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This Week in Texas Music History: Jimmie Rodgers

by Stephen Becker 10 Sep 2010 1:06 PM

This Week in Texas Music History, we’ll remember a giant in American music who considered Texas his second home.


Art&Seek presents This Week in Texas Music History. Every week, we’ll spotlight a different moment and the musician who made it. This week, Texas music scholar Gary Hartman remembers a giant in American music who considered Texas his second home.

You can also hear This Week in Texas Music History on Friday on KXT and Saturday on KERA radio. But subscribe to the podcast so you won’t miss an episode. And our thanks to KUT public radio in Austin for helping us bring this segment to you. And if you’re a music lover, be sure to check out Track by Track, the bi-weekly podcast from Paul Slavens, host of KERA radio’s 90.1 at Night.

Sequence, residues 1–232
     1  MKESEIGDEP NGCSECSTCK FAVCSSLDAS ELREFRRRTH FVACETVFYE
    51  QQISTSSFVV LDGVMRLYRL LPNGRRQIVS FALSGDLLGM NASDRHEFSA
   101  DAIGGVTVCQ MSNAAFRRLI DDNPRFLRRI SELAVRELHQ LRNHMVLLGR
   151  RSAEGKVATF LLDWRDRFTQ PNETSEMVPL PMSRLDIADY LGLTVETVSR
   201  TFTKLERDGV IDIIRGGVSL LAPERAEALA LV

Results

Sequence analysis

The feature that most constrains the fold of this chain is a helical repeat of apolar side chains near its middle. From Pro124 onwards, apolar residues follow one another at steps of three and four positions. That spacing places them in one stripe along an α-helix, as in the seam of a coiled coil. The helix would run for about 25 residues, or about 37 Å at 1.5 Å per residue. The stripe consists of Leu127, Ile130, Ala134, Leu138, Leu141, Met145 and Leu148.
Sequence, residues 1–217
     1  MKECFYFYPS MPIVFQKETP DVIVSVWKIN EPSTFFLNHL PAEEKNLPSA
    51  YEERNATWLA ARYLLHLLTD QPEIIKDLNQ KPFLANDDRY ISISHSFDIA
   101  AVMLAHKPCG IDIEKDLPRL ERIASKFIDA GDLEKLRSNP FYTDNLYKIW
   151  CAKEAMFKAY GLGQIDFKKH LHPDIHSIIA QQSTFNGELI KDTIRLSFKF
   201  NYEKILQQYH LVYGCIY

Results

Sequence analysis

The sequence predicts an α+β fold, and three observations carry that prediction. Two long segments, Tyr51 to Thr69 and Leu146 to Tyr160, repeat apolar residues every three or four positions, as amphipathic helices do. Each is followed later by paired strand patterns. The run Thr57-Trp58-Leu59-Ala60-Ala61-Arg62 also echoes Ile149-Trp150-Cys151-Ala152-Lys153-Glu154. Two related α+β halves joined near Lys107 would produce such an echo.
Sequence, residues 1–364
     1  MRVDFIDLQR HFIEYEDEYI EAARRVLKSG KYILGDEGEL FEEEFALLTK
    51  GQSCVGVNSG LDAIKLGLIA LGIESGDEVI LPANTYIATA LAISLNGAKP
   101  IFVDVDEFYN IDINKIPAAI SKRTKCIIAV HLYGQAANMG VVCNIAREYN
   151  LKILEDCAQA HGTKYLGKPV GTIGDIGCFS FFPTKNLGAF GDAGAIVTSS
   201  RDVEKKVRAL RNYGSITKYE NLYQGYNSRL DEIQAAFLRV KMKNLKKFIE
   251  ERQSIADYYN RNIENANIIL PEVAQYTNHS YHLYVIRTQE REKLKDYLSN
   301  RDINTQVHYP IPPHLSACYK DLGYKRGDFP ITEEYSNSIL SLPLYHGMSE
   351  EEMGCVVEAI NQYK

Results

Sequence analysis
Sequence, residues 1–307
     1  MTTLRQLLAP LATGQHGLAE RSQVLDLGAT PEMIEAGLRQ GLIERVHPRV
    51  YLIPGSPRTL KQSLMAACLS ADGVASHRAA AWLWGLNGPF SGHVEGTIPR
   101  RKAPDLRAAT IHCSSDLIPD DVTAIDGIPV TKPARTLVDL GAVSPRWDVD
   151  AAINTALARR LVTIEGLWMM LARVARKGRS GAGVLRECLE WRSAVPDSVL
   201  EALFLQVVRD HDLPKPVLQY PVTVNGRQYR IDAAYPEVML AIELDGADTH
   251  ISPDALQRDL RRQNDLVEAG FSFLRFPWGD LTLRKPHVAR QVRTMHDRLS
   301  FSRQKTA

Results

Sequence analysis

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Jimmie Rodgers, often called “the father of modern country music,” was born in Meridian, Miss., on Sept. 8, 1897. Rogers worked on the railroads, where he learned the blues from black laborers. Early in his career, Rodgers toured extensively throughout Texas, blending cowboy songs and southern hillbilly music with the blues he’d grown to love. By the late-1920s, such hits as “T for Texas” made him the most popular country singer in the world. In 1929, Jimmie Rodgers moved to Kerrville, Texas, hoping that the dry climate would slow his advancing tuberculosis. Although he died in 1933, Rodgers was a major inspiration to Gene Autry, Hank Williams, Ernest Tubb and countless others.